Tarot spreads are created for every purpose and every event one can imagine. But back in the 1960s and 70s this was not the case. If anything, an experienced reader might modify an existing spread to better fit their world view or emphasize things their clients wanted to know. This is what I did, adding, for some clients, a Jungian slant to the Celtic Cross Spread. In the late 1970s, in classes with Angeles Arrien, author of The Tarot Handbook, she created layouts that used a sequence of Tarot Majors as archetypal positions for life or project development spreads. In the early ’80s, Gail Fairfield’s Choice-Centered Tarot introduced the idea of creating unique spreads, on the spot with her clients, that directly addressed aspects of a client’s question or issue. To kickstart the process her book (now in a new edition) offers a long list of possible spread positions that you can mix, match and modify to suit nearly any situation. Since the 1990s, forums and groups on the internet have encouraged the design of thousands of spreads. There are even Spread Decks in which cards have position meanings written on them so the positions can be drawn randomly or carefully selected to create an instant spread.

In my workshop at the Denver TarotCon we will work with a spread designed around the symbolism found in the Rider-Waite-Smith Fool card to elucidate our own soul’s quest. But here I’d like to show you one of my favorite ways to create a personal spread that can be deeply meaningful to you. 

Step 1:

Find a short quote or self-help instruction that inspires and speaks strongly to you. Perhaps something from a spiritual teacher or your favorite book, film or poem. It can even be the steps of a teaching or methodology.

We’ll use this quote from the Dalai Lama as an example: 

 “When we meet real tragedy in life, we can react in two ways: either by losing hope and falling into self-destructive habits, or by using the challenge to find our inner strength. Thanks to the Buddha, I have been able to take this second way.”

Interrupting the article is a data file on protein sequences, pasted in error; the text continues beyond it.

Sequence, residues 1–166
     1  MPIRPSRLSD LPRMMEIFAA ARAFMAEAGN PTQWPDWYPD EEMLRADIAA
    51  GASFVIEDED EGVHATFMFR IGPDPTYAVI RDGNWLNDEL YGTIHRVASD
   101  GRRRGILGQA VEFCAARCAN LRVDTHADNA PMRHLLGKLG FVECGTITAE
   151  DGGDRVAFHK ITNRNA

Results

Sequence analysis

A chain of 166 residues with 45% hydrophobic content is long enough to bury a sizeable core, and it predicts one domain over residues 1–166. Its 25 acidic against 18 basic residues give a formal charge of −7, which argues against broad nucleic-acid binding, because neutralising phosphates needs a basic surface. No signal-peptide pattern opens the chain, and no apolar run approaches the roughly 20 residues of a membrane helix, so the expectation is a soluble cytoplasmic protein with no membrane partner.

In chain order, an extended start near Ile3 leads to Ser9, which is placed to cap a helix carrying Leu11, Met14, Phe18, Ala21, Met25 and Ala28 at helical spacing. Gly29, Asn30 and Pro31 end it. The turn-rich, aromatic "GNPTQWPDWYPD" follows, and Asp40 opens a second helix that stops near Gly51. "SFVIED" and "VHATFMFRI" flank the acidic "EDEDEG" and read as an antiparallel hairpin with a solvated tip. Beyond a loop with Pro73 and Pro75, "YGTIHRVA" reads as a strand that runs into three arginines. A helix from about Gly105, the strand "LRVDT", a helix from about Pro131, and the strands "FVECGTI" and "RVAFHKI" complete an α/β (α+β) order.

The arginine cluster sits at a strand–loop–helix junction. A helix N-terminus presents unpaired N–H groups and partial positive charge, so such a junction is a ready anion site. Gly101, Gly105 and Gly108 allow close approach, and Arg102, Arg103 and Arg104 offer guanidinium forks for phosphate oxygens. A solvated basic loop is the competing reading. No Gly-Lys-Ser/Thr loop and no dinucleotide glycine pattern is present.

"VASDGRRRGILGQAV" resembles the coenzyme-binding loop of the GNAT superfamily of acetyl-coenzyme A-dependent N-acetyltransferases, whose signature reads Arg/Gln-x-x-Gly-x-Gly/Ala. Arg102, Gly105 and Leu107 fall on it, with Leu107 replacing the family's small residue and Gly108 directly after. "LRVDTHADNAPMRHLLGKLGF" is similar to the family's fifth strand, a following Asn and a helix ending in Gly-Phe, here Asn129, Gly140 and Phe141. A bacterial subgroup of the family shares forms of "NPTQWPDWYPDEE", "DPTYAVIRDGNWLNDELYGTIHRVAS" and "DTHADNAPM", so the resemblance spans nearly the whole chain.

Step 2:

Break down the quote into its essential phrases, turning each phrase or element into a statement or question you want to explore. Let’s say you are experiencing difficulties. The positions could be posed as:

  • “What is the real tragedy with which I am currently dealing?” 
  • “Where am I losing hope?”
  • “What self-destructive habits am I falling into?”
  • “What is the challenge in this for me?”
  • “What inner strength can I draw on?”
  • “How am I to use this inner strength?”
  • “Where can I be grateful for help in meeting the challenge?”

Notice the focus is on gratitude for the final position as I was especially struck by the Dalai Lama’s statement of gratitude in his last sentence. I wanted to both honor and explore that. You could phrase your own questions based on this quote differently as personal circumstances might have you reading the same words in a different light.

Step 3:Chariot spread

Draw a layout pattern for your positions that seems to reflect the implied interrelationships, even if it is simply a line. Number these positions so you know in what order to lay and read the cards.

There are seven questions in my example, which makes me think of the Chariot Major Arcana, especially as the Charioteer is meeting challenges and being pulled in two directions. So, I’ve decided to create a pattern based on visual cues in that card that can help me remember the layout and significance of each position.

Step 4:

Shuffle your deck, lay the cards and read them. Express gratitude for what has inspired you to find meaning. 


Mary will be speaking on “The Fool’s Progress” at TarotCon Denver 2015. Visit our Speakers page for the full line-up of presentations and workshops.


About the Author

Photo on 2011-03-04 at 11.22Mary K. Greer is an independent scholar, writer, teacher, and professional tarot consultant. With more than ten books and 47 years experience in Tarot, Mary pioneered many of the reading methods used today, including reading for yourself in Tarot for Your Self and methods that are interactive, transformational and empowering in 21 Ways to Read a Tarot Card. More recently she’s been exploring the lives of cartomancers through history and discovering the pleasures of the Lenormand deck. She taught Tarot at a university and college from 1974 to 1989 and has since traveled the world teaching, learning and now reaching out through webinars and on-line classes. Visit her blog at http://marygreer.wordpress.com and courses at http://globalspiritualstudies.com/tarot/mary-k-greer/ .

© 2015 by Mary K. Greer. All rights reserved.

facebooktwittergoogle_plusredditpinterestlinkedinmailby feather
rssby feather

Leave a Reply

Your email address will not be published. Required fields are marked *

1 − one =